As a part time builder I'll watch this with interest. However, for some reason neither your or DE's pictures are showing up.

                        One thing to consider for stabilizing the wood before you finish is to use a slow setting epoxy as a filler - commonly done on spalted woods. I've use Zpoxy on highly flamed woods like koa and it not only really pops the grain but does fill any voids that could be future problems. You can finish over it with almost anything - I've used both nitro and water born lacquers (I'm not set up to do poly's and frankly don't want to). Keep some cutoffs and try different ffillers and finishes before you commit.
                        My parents were into refinishing antiques as were their parents. I had no choice but to learn it and when I was old enough I got recruited to do allot of the stripping and sanding. I hated it then as I hate it now but did learn my basics.

                        I haven't worked with this particular wood before but my drummers day job is restoring antiques. He makes some great money at it too. I'll definitely get his opinions on finishing options. I do have some of his work and it is quite impressive. Even with my experience he turned me on to a few of his trade secrets. Guess that's why we get along even when we aren't playing together because we have some common interests beyond music.

                        I do believe this wood is going to be so dense after its sanded, there wont be any grain to fill. Mahogany for example is a dense wood but it does have pores that can be filled with a grain filler. I did one recently with a dark grain filler my buddy gave me. It looked so good with the stuff I just left it with the filler only. There was some kind of oil based varnish mixed in with the powder that fills that actually made for a low gloss shine much like Tung oil.

                        Maybe there is something unique that can be done in preparation, but that's a long way off at this point. I pretty much have to focus on the immediate steps that come before finishing. Once the body is cut, routed, sanded, and built into a functioning instrument, I'll then remove all hardware do the final sanding and apply the finish. I have done finishing in the past before I had the hardware and electronics installed than had a screwdriver or drill bit slip and had to refinish over again, so I leave that as my last step after everything else is completely done. Then you buff it to a high gloss before you reinstall the hardware and electronics.
                        Last edited by WRGKMC; 06-05-2014, 02:01 PM.

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                        • #13
                          Originally posted by Freeman Keller View Post
                          As a part time builder I'll watch this with interest. However, for some reason neither your or DE's pictures are showing up. . . .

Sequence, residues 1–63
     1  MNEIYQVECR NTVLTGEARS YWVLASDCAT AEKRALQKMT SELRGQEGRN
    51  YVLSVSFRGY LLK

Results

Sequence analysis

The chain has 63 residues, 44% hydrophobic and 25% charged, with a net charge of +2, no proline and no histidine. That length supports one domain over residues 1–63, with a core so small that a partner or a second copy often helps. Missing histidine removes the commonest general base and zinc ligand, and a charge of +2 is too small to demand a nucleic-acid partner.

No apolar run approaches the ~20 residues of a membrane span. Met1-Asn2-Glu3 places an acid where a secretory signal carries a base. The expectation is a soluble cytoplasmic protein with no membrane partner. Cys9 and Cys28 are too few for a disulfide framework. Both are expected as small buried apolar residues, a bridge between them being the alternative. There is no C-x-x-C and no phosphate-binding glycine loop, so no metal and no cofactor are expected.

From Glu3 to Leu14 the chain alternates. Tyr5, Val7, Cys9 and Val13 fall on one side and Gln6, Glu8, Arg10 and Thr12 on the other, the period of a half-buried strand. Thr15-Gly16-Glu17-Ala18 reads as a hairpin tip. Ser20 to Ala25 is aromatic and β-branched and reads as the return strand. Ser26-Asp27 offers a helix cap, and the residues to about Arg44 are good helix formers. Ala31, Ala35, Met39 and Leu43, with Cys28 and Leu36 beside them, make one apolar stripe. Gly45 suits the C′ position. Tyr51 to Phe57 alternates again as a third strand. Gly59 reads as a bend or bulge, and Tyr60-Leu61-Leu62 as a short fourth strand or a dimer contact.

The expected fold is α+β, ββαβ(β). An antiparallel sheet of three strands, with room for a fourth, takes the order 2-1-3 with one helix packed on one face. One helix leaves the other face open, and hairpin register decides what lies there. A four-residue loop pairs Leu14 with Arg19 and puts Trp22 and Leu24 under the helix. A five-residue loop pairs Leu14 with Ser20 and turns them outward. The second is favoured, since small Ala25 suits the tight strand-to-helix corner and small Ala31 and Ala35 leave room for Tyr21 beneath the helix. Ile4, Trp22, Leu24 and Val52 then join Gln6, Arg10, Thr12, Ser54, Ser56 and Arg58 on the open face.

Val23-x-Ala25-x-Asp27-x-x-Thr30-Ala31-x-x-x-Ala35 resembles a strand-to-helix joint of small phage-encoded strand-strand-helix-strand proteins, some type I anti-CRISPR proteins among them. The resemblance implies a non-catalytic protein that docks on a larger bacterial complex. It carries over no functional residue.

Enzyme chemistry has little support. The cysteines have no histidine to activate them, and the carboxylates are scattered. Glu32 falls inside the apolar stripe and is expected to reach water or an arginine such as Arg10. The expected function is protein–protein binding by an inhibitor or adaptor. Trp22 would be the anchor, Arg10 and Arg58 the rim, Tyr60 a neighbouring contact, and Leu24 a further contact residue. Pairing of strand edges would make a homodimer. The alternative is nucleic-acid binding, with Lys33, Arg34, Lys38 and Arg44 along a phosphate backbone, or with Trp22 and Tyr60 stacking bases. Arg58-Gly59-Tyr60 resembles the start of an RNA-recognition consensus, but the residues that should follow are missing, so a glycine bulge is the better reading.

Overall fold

Go to the source, Becker Guitars: http://http://www.beckerguitars.com/custom/. The specific pics are on the left about halfway down below the words "Custom Guitar Gallery" and at the bottom in the center.
                          Last edited by DeepEnd; 06-05-2014, 08:18 PM.
                          Official HCAG “Theory-Challenged Hack”
                          Member of the IBANEZ ACOUSTIC ASSASSINS
                          Proud Member of The Alvarez Alliance
                          Person-2-Person on the Web

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                          • #14
                            Originally posted by DeepEnd View Post
                            Go to the source, Becker Guitars: http://<a href="http://www.beckergui...om/custom/</a>. The specific pics are on the left about halfway down below the words "Custom Guitar Gallery" and at the bottom in the center.
                            I did that an they are quite stunning, but for some reason your image inserts don't show up. Is it my PC or do others have the same problem? I'm just looking forward to H...C's build thread and want to see the pics.

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                            • #15
                              ^^^^ This site is screwy. I finally figured out how I could get pics to post by linking a URL to my Drop Box site and it worked for two days then they block it. I just went back and put them up again and they are showing up properly now. If they disappear again, you can just click on these links and see them.

                              https://dl.dropboxusercontent.com/u/...0/IMG_1162.JPG

                              https://dl.dropboxusercontent.com/u/...0/IMG_1161.JPG

                              By the way that Becker guitar site does have issues. When I opened it I saw the guitars at the top finally but anything below didn't show up. Site took a long time to load too so its likely a site hosted on someone's home computer with firewall issues and not a professional business network.
                              Last edited by WRGKMC; 06-06-2014, 06:25 AM.